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Worshipping at the altar of alternative assets

Investors are faced with a difficult conundrum today: run the risk of accepting lower returns from traditional asset classes (stocks, bonds, cash) or use alternative assets to try to boost prospective performance, generate inflation-beating returns, and improve diversification.

In this article, we’ll look at what the asset allocators in our rated universe are doing in the alternative, real return, or other portion of their portfolios and what this means from a risk and return perspective.

Definition of alternatives

The non-traditional or alternatives asset class is a broad church. Morningstar defines it as those strategies that don’t offer a consistent beta (market return) to the more traditional asset classes. We bucket them into four groups:

  • Unlisted real assets
  • Hedge funds (including managed futures)
  • Private equity and private debt
  • Structured products

The believers

The table below shows some of our rated multisector managers and their allocations to alternatives. The funds in the table all reside in our balanced or growth categories to try to ensure a fair comparison. The balanced category is for funds with a 41-60% growth allocation and the growth category is for funds with a 61-80% growth allocation.

Table of Morningstar multisector funds with allocations to alternative investments

Manager Name Alternative Allowance % Current Alternative % Portfolio Holdings Date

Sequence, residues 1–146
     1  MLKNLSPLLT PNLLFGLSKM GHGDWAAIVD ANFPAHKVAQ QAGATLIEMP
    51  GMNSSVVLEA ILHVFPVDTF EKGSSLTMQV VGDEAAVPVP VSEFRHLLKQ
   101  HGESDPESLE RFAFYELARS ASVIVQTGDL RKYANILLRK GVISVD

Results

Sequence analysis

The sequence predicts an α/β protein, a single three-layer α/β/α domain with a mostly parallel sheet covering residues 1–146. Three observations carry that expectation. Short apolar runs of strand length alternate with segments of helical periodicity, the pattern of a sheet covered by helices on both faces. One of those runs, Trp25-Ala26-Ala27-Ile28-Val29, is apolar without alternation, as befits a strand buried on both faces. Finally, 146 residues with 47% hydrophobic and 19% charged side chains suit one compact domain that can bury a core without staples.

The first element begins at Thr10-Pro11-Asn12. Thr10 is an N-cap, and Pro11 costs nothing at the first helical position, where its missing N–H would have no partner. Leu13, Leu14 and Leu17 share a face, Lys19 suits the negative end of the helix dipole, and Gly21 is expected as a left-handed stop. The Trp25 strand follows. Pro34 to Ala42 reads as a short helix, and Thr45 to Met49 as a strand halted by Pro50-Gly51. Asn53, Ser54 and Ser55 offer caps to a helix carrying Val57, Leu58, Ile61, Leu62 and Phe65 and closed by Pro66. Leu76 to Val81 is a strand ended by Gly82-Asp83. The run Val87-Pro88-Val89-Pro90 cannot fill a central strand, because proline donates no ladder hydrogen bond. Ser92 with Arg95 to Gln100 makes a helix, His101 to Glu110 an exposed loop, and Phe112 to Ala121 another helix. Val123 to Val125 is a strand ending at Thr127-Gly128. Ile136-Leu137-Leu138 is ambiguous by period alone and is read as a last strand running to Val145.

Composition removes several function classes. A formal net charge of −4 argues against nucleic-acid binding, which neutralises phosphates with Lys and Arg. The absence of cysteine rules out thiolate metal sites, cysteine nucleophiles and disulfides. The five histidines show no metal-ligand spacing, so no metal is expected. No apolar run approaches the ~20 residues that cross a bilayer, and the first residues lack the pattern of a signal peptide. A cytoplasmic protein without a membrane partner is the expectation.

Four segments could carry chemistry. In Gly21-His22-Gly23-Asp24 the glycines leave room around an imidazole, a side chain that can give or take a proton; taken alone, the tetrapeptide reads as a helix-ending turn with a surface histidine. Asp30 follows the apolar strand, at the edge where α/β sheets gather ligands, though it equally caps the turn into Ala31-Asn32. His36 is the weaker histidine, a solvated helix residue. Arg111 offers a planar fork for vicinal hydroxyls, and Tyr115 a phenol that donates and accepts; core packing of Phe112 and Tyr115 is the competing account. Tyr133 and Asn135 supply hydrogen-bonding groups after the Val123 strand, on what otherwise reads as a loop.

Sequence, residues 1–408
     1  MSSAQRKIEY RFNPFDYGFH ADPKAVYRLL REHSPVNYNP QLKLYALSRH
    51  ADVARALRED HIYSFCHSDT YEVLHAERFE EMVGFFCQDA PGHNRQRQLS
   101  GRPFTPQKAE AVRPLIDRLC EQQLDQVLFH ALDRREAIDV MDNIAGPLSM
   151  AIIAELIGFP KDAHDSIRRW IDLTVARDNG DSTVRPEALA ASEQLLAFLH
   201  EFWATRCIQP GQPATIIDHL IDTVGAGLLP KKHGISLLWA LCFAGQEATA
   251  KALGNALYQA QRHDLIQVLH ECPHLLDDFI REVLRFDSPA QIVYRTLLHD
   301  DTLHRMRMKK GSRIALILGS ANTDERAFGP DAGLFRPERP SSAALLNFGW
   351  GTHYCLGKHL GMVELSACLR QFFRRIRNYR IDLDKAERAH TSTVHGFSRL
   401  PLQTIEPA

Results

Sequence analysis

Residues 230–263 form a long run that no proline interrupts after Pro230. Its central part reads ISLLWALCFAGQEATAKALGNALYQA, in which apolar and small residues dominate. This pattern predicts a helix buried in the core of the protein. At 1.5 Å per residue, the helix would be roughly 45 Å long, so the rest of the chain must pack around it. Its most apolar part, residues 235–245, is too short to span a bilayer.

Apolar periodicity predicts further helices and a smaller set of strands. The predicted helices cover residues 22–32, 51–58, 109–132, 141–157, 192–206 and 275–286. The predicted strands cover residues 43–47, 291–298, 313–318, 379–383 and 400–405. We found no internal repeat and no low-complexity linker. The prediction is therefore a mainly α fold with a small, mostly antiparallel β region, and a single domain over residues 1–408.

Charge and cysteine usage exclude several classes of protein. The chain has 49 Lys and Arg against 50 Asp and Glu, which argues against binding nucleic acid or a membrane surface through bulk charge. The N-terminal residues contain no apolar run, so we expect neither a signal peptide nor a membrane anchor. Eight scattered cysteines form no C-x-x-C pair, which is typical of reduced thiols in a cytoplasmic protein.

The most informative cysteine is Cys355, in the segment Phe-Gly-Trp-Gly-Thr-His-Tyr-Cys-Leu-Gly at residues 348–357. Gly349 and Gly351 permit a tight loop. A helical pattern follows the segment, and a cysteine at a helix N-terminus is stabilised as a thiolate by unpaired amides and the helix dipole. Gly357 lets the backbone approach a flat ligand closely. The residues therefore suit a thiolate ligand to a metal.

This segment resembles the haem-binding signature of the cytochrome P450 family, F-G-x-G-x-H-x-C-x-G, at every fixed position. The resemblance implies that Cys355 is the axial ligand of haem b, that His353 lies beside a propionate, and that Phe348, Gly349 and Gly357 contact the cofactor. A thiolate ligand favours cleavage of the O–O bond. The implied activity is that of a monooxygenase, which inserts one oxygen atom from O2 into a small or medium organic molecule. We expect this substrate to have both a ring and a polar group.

Diversified Funds      
Advance Balanced 0-22% 6% Mar-19
CFS Balanced 5-15% 10% Mar-19
MLC Horizon 4 Balanced N/A 14% Mar-19
Pendal Active Balanced 0-20% 15% Mar-19
Perpetual Balanced Growth 0-30% 11% Mar-19
Russell Balanced 0-35% 12.50% Mar-19
Industry Funds      
AustralianSuper Conservative Balanced 0-60% 17% Mar-19
CBUS Super Growth 0-81% 31% Dec-18
Sunsuper Balanced 0-90% 32% Dec-18

What is notable is the magnitude of the allowable ranges and the portion of the budget currently being used. Pendal introduced an alternative allocation into its strategic asset allocation in 2012 and is now allocating 15% of the portfolio, the highest among the non-industry funds in our rated universe.

At the other end of the table is Advance. The 6% weight appears modest compared with peers, but this allocation is likely to grow as the group plans to expand its unlisted alternatives programme over the next 12 months.

Unsurprisingly, the industry funds are far more aggressive with their allocations to non-traditional assets, due to their stickier client base and long-term investment horizon. AustralianSuper, CBUS, and Sunsuper are all permitted to have the majority of their portfolios invested in alternatives. According to our latest surveyed data, CBUS and Sunsuper have roughly 30% allocations, while AustralianSuper has roughly half as much.

Alternatives are a broad church

One important distinction in alternative investments is the choice between listed and unlisted assets. CFS, Pendal, Perpetual, and MLC have opted for the listed part of the spectrum, building real return strategies to deliver inflation-beating performance.

  • CFS’ Real Return strategy targets a return of 4.5% above inflation on a rolling five-year basis. The team invests in equities and bonds across both developed and emerging markets; but they are permitted to invest in commodities, currencies, and cross-asset relative value trades. The asset class ranges are very wide, so the beta to equities and fixed income can oscillate wildly.

  • Pendal’s approach uses two internally managed strategies: the Pendal Total Return Fund (16270) and the Pendal Multi-Asset Target Return Fund (42877). The former includes an AQR market-neutral hedge fund, a risk parity fund, and an alternative-risk premia fund, among others. The component strategies are given a long leash and often have volatility targets of 10% or more. The latter is a lower-risk fund designed for retirees that invests across equity, fixed income, commodities, and currencies. The portfolio is designed to have low-equity sensitivity to provide diversification benefits in a traditional portfolio.